“Dissent about celebrating Canada goes back to the early years of Confederation,” he wrote. Commemorative events have changed from the “British-centric” flag-waving of the 1950s to today’s promotion of a bilingual and multicultural country that highlights Indigenous cultures and languages. Hayday ended his essay with a suggestion that dissent signals a healthy democracy, and that there’s hope for reconciliation between Canada’s Indigenous and non-Indigenous peoples.

For MacDonald, that kind of hope lies in broadening discussions to take in different viewpoints and accommodate various narratives. “We have to stop compartmentalizing Indigenous issues and saying these issues are separate from the story of Canada,” says MacDonald, who received a U of G Research Leadership Chair Award to study Indigenous-settler relations in Canada and New Zealand. He took part in Canada’s Truth and Reconciliation Commission and is writing a book about Canadian reconciliation issues. “It’s all interconnected. We can’t celebrate the prosperity of settler Canadians and not acknowledge what has been taken from Indigenous Peoples.”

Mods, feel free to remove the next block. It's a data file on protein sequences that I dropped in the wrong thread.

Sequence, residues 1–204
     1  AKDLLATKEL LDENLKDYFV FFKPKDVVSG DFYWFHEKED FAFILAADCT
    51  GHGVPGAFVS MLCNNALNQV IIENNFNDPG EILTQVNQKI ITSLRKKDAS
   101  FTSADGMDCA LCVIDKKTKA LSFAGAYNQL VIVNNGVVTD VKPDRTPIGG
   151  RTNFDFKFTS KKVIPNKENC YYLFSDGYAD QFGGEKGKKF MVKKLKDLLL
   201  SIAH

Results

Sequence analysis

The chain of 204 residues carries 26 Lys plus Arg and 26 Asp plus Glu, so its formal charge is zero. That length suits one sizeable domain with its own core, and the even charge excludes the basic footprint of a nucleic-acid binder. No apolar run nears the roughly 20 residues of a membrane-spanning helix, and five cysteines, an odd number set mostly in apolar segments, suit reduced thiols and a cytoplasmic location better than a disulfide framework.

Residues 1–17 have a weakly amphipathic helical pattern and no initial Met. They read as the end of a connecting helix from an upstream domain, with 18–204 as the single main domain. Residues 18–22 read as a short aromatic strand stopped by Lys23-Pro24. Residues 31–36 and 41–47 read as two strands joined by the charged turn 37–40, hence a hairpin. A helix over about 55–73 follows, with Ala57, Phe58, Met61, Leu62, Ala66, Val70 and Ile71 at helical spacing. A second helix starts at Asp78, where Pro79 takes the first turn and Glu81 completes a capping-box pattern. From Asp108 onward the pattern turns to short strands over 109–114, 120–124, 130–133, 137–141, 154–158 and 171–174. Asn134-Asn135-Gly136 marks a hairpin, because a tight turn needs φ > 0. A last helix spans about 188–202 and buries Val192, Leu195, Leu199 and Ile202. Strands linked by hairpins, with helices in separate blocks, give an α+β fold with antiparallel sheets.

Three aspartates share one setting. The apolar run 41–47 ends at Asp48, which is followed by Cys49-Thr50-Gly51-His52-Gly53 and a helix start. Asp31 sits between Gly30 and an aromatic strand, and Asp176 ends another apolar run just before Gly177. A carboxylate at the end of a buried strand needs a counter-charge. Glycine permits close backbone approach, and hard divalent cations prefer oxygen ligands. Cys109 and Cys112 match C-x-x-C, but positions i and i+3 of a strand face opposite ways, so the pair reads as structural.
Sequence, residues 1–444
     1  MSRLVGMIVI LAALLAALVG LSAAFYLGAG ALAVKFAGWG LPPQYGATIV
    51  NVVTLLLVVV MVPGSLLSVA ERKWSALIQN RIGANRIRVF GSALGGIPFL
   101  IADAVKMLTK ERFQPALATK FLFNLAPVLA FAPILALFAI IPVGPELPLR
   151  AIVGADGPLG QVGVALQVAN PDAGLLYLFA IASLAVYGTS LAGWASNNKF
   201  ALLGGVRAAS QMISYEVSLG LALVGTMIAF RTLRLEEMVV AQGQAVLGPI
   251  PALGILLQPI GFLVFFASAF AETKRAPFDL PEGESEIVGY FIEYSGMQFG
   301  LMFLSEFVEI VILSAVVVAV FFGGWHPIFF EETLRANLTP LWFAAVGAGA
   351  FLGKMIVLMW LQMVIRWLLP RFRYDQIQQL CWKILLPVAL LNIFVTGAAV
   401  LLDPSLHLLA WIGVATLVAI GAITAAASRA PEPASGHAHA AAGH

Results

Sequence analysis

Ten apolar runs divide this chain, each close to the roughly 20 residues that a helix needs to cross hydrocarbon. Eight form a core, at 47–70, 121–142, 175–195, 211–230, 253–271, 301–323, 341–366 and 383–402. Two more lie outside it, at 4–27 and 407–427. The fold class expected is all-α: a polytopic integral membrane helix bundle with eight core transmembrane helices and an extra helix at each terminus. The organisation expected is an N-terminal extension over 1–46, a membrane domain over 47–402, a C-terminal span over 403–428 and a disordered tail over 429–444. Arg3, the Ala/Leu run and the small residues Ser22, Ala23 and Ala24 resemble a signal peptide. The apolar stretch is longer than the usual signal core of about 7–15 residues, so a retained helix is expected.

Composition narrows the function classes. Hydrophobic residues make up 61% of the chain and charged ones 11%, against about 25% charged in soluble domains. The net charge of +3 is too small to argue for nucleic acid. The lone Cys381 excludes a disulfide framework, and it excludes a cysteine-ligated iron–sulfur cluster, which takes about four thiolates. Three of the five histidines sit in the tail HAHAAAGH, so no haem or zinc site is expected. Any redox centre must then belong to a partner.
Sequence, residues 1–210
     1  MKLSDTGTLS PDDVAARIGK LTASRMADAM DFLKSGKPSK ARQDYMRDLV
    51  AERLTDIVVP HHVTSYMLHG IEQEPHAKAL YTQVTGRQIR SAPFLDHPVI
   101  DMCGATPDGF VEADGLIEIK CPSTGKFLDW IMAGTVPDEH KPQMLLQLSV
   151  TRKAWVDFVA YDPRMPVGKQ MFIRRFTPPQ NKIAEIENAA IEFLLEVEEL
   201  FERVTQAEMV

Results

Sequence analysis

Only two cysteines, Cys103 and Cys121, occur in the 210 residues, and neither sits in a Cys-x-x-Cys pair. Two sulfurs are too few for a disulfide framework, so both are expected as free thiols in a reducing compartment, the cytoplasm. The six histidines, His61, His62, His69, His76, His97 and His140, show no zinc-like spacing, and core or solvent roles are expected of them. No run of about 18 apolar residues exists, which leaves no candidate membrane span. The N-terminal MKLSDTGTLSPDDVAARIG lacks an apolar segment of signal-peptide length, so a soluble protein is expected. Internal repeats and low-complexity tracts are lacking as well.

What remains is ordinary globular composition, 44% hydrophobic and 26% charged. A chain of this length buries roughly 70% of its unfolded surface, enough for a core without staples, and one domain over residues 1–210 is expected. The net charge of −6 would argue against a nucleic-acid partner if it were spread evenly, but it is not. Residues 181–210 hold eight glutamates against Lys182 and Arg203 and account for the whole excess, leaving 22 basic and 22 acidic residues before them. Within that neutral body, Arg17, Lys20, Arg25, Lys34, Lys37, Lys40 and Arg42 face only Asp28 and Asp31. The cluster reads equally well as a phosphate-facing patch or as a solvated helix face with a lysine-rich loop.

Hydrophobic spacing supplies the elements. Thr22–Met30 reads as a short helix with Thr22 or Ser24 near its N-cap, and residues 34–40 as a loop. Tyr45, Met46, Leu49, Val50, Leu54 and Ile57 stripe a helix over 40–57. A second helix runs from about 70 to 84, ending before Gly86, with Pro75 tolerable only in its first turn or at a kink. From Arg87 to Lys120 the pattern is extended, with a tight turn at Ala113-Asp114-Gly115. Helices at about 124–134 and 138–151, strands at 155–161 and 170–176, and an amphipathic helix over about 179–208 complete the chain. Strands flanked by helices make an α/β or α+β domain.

He points to New Zealand as a model for relations between Indigenous and non-Indigenous people, including the development of biculturalism based on Indigenous-settler power-sharing. “I think a lot of Canadian history has been about trying to create a country that’s coherent and has its own identity,” he says. “Hopefully we will get there. We might be mature enough now to start considering these questions more seriously.”

U of G professor Kim Anderson says she doesn’t begrudge Canada 150 celebrations. At the same time, she says, “Indigenous Peoples say there’s nothing to celebrate in terms of what Canada has meant for Indigenous nations.” Anderson, who is Cree-Métis, completed a PhD in history at U of G; she joined the Department of Family Relations and Applied Nutrition in early 2017. She’s now co-editing a book to be published in 2018 called Keetsahnak: Our Missing and Murdered Indigenous Sisters. “It feels like adding insult to have to keep being reminded about celebratory stuff.”

Referring to reports of youth suicides in Northern communities and questions about the mandate and progress of Canada’s inquiry on missing and murdered Indigenous women, she says, “Those latest headlines show just how far we haven’t come.” Despite setbacks and what she calls “reconciliation fatigue” stemming from perceived lack of progress on numerous reports, commissions and recommendations, Anderson says she’s optimistic about the possibility of improved relations and prospects for Indigenous people in Canada. “Generally the Canadian population is more educated and more committed to making change. We’re in a better place than we were 20 years ago.”